Act 4 of the Bible – Isaiah 49 v 5-23  

Thu Aug 13 Misha 5

When Jesus of Nazareth looked out over the crowd before Him and proclaimed: “You are the light of the world”, it wasn’t His words as much as the people to whom He said them that shocked people. Not the religious elite, but the downtrodden, poor, and sick were the apple of God’s eye and His humble witnesses. “A city set on a hill cannot be hidden”. When He said, “I am the light of the world”, it wasn’t the words… Similar words had been written centuries ago in Isaiah’s prophecy about the Servant who would finally restore Israel, and be a light to the nations (Isaiah 49). It was Jesus’ interpretation of the Kingdom of God which startled a nation waiting on tiptoe for the fulfilment of God’s promises which they knew and lived in. He claimed to be the One all Israel’s past history had pointed to in a big unified story – the King who would usher in the new promised kingdom where God would rule with peace, blessing, favour, wellbeing, health and dwell again with His people. Good news for everyone – liberation, restoration, reconciliation. A new exodus and a new, complete return from exile. Remarkably, Jesus claimed that “the suffering servant” was central to this. These pictures conflicted so much that the minds of even His closest disciples boggled at this talk of suffering. The two images were so incompatible that the whole thing was simply impossible to grasp.

The disciples roughly understood the Messiah part. They knew the entire backstory and lived it, sang it, and celebrated the festivals. Creator God enthroned. The whole universe full of His glory. Promises to Abraham. Freedom from slavery. God revealed Himself to Moses in a cloud and gave the law. God’s manifest glory at Solomon’s temple as a cloud which left again. When Jesus was transfigured before three of His disciples in a cloud, these events, although terrifying, had something familiar about them. Something glorious and messianic – God approving His king. This other talk about suffering jarred. The closer they got to Jerusalem on that last journey, the more frequent became Jesus’ reminders that this really was the plan. He must be betrayed, mocked, flogged, and crucified. On the third day, He would be raised to life. (Matt 20 v 17-19).

And that is exactly how it happened. Evil had been gathering around Jesus, tensions building, darkness brewing. He has aroused evil and drawn it to Himself. Jesus, on His knees in a dark garden, sweating blood, pleads with God that if there is another way… In His deep anguish, He prays in complete surrender to God, “Not my will, but yours.” Jesus does the impossible and puts the fruit of autonomy back on the tree as He chooses the cross. God’s Messiah, His Suffering Servant is lifted up, enthroned on an instrument of torture and crowned with thorns. Set on a hill, the Light of the world has nothing to hide behind. Naked and exposed, Immanuel (God-with-us) takes upon Himself all our guilt, shame, sin, brokenness, infirmity. In Jesus, God shows what love looks like: He stays. Jesus could have ended His suffering and come down from the cross, but God’s promise to redeem His people is a new covenant, made to last in the power of love.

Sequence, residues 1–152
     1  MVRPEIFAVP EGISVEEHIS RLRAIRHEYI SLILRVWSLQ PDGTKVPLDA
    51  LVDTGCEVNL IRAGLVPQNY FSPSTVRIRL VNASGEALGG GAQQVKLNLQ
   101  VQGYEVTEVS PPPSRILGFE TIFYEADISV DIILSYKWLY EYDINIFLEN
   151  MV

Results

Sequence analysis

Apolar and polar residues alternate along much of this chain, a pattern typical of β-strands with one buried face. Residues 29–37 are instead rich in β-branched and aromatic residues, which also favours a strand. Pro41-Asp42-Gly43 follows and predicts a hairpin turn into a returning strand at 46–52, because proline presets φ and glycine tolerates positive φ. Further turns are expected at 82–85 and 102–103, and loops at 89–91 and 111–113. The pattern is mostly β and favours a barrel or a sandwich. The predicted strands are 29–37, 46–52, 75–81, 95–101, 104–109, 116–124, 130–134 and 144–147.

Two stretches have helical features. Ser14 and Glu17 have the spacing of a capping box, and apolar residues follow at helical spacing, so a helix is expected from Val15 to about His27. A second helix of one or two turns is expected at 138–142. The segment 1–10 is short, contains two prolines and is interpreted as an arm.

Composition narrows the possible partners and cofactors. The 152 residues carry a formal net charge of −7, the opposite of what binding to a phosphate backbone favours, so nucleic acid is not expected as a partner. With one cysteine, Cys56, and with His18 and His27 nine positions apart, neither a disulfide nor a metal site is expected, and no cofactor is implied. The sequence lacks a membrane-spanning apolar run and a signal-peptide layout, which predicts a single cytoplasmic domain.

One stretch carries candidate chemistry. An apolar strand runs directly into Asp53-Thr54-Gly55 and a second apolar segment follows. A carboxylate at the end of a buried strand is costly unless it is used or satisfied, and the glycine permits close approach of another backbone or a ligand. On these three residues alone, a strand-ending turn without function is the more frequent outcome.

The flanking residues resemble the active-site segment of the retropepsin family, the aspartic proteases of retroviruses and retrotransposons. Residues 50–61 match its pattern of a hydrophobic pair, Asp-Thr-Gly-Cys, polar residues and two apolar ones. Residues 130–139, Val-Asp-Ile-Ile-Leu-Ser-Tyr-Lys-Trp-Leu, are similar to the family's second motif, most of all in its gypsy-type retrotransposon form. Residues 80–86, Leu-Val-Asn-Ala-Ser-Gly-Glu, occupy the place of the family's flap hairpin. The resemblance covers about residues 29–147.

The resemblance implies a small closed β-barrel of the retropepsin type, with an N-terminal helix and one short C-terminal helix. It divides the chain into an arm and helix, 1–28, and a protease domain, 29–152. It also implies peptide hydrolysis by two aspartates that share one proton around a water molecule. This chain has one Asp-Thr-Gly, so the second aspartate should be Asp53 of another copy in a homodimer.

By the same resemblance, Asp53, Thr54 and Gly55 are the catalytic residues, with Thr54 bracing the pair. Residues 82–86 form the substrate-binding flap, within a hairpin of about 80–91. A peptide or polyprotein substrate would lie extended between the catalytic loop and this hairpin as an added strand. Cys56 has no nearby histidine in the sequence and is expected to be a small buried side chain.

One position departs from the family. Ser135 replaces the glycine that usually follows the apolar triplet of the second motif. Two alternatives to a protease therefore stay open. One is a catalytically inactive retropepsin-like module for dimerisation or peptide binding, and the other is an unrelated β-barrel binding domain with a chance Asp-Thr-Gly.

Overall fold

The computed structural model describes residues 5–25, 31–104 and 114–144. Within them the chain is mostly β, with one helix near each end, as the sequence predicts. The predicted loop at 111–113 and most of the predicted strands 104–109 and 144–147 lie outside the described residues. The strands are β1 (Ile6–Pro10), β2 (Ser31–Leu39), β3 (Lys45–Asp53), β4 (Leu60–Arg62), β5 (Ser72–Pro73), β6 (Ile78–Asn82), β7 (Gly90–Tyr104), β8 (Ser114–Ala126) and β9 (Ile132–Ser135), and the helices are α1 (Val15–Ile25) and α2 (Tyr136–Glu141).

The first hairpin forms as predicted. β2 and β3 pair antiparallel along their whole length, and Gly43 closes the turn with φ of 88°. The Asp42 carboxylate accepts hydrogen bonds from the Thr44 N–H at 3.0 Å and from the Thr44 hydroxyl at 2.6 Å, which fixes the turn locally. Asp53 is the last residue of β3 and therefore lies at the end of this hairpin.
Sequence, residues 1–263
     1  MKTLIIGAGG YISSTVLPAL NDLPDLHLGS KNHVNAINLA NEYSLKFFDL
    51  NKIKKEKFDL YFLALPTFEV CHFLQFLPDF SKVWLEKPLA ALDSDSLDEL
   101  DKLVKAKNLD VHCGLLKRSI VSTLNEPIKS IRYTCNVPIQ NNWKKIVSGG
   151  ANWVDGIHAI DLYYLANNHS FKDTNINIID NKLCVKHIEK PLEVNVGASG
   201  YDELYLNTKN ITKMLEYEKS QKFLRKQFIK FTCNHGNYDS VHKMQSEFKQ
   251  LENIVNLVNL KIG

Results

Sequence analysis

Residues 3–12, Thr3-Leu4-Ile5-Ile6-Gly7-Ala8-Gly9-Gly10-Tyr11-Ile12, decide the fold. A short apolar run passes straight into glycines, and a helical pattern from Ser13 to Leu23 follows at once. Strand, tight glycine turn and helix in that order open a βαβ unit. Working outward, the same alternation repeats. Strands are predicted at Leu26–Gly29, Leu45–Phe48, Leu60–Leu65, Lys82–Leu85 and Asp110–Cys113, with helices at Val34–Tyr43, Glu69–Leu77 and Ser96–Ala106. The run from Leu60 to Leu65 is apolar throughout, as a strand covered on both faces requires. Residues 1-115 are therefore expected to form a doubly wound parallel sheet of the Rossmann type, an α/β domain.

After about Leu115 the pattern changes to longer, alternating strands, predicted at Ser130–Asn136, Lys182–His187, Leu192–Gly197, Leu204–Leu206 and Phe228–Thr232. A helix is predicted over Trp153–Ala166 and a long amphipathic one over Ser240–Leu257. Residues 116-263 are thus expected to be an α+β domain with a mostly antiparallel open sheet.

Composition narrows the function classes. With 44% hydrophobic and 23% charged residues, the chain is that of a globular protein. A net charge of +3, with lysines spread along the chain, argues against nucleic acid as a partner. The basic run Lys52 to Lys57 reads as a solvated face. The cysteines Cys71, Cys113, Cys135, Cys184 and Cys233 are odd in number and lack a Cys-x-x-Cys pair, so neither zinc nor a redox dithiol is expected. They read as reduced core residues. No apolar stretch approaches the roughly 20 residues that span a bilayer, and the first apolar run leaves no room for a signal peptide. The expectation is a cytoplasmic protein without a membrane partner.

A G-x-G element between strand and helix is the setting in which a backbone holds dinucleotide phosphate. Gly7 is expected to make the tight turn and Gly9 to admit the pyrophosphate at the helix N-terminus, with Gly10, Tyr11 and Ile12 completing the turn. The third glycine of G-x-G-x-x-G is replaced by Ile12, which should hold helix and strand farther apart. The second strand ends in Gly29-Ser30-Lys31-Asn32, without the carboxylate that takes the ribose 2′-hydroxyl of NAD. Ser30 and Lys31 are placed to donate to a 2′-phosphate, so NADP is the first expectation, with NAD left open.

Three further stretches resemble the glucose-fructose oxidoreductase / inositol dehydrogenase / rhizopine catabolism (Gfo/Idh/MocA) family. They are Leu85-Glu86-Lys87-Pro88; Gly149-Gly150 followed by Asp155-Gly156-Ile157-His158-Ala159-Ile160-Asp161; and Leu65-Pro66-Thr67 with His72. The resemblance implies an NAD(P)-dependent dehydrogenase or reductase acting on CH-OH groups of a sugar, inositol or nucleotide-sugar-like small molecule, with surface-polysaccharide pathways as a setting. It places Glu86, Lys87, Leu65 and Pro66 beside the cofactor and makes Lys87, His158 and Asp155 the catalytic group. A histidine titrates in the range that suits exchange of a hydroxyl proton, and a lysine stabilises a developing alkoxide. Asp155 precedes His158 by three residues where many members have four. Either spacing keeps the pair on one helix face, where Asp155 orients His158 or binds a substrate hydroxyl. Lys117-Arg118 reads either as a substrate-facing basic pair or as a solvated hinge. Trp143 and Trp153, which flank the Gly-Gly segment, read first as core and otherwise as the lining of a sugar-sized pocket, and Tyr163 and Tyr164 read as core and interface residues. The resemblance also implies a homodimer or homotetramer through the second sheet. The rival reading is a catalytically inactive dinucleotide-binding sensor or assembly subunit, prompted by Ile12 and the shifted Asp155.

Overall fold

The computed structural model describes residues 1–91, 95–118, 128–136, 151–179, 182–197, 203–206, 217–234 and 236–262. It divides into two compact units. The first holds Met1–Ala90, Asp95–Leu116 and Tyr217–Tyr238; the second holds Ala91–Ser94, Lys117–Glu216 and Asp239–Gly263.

In the temple of Jesus’ body, heaven meets with earth. He is the perfect Son with whom God is pleased. God is intensely present with His people as the Father receives the sacrifice of the Son: His Spirit, given freely, fully surrendered in love. God’s glory is as manifest as we have ever seen it, revealed, yet strangely hidden in plain view. God was in Christ, reconciling the world to Himself. Something is fundamentally different afterwards. God gives meaning to Jesus’ meaningless suffering. As God accepts Jesus’ work on the cross, peace with God becomes possible. Jesus said: “It is finished”. He was speaking the truth. We are free.

At the resurrection, God’s new creation begins with Christ. One day, it will be like the 7th day of creation. God will be king, reigning in shalom-peace, unopposed, active in love. We will be like Christ, with glorious new bodies, undivided hearts, and pure spirits, enfolded in that same loving peace, breathing that same Spirit. Until then, the church must carry Jesus to the world, and preach the good news, heal, serve, and make whole the broken. Disciples in every generation look around at each other and asked: “How can we even begin to do this? We’re just people.” The answer is, by becoming and remaining plugged into God.

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